MIT prevents water loss and soil degradation.

Farmers have reported increasing the area under irrigation due to MIT’s water and labor efficiency. In some cases, since evaporation rates are higher on directly sun-exposed soil, decreases in fallow land (i.e., increased crop coverage) prevent water loss and soil degradation. From iDE’s standpoint as an organization that strives to increase farmer income, we acknowledge that increased farm size should be balanced with the need for greater attention to the whole agro-ecological system.

With MIT, sloping land can be used for cropping. Contiguous farm crop cover results in a landscape’s ability to absorb greenhouse gases. Reduced and precision water application avoids water flowing through the plot and washing away nutrients, fertilizers, and topsoil.

Additionally, more crop cover results in less wind erosion from sandy exposed soils. Wind erosion removes nutrient rich topsoil, which reduces yield and causes more fertilizer to be applied. In windswept areas, it is difficult to replace this lost topsoil. Efforts to increase year-round crop cover at the community level have been part of a climate smart territory approach to sustainable agriculture.

MIT can reduce pesticide use and chemical runoff.

Through fertigation and Fertilizer Deep Placement (FDP), MIT users can directly apply fertilizer to the crop root zone. Many farmers also report reduced pesticide use. Decreases in pesticide use lead to potential returns of crop-beneficial insects (i.e., pollinators and predatory insects). Because MIT is more direct in its application, rather than spread throughout the field, fewer weeds grow, which reduces farmers’ need to apply herbicides. This more precise use of agricultural inputs, combined with reduced water runoff, decreases the amount of chemical run-off into the surrounding landscape. Chemical runoff can result in biodiversity loss that is critical for ecosystem function, as well as water contamination that is hazardous to human health.

MIT significantly increases yield per hectare.

Increased yields have clear economic benefits to farmers, which mitigates their climatic vulnerability to erratic rainfall and occasional failed crops. But, yield increases feed into a growing climate-smart agriculture debate. Land sparing refers to when farmers can sustainably increase their yield per hectare, which decreases the amount of total farmland needed to feed a growing population. In this frame, decreased farm land can result in increased wild lands and greater biodiversity conservation.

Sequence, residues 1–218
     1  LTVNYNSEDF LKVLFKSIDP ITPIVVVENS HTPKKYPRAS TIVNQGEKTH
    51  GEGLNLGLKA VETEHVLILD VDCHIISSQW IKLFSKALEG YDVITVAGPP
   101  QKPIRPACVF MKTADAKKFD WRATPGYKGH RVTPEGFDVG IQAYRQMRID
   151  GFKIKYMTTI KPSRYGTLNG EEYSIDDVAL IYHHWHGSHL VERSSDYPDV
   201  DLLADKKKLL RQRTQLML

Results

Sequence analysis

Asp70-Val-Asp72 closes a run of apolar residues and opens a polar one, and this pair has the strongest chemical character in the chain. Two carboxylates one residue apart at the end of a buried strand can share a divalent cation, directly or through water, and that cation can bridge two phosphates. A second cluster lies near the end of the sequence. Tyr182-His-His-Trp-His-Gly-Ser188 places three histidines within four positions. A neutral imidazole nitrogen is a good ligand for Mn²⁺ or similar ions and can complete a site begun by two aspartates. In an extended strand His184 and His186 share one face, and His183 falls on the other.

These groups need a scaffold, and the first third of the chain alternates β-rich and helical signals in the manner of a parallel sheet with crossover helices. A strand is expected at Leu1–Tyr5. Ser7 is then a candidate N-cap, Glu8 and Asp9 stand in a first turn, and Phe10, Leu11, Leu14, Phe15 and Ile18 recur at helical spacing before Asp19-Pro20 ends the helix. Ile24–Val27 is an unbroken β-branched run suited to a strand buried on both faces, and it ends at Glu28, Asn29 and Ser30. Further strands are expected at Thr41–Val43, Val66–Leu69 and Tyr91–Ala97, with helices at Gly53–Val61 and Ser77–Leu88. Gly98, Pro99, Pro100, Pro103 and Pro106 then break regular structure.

Animal husbandry improves soil health and reduces stress on surrounding environment.

Many farmers reported increasing animal husbandry due to the income gained and labor saved from MIT. For example, iDE observed that farmers typically allowed their animals to graze in their orchards. Animals defecated as they ate and in turn improved the health of the soil. Additionally, farmers were using MIT to grow grass for fodder. For example, overgrazing in South Central Vietnam has led to desertification from increased soil exposure. Integrated farms provide better farm level soil management and less stress on the surrounding environment.

MIT reduces energy use by 30 percent.

MIT reduces energy use from decreased irrigation times by 30 percent. Reducing energy use directly results in reducing greenhouse gas emissions. While pumps were commonly electric and only occasionally diesel in the project area, typical energy sources include coal as well as hydropower and thermal. Although difficult to calculate the exact energy savings, the amount of carbon reduction likely remains substantial.

Tagged — Vietnam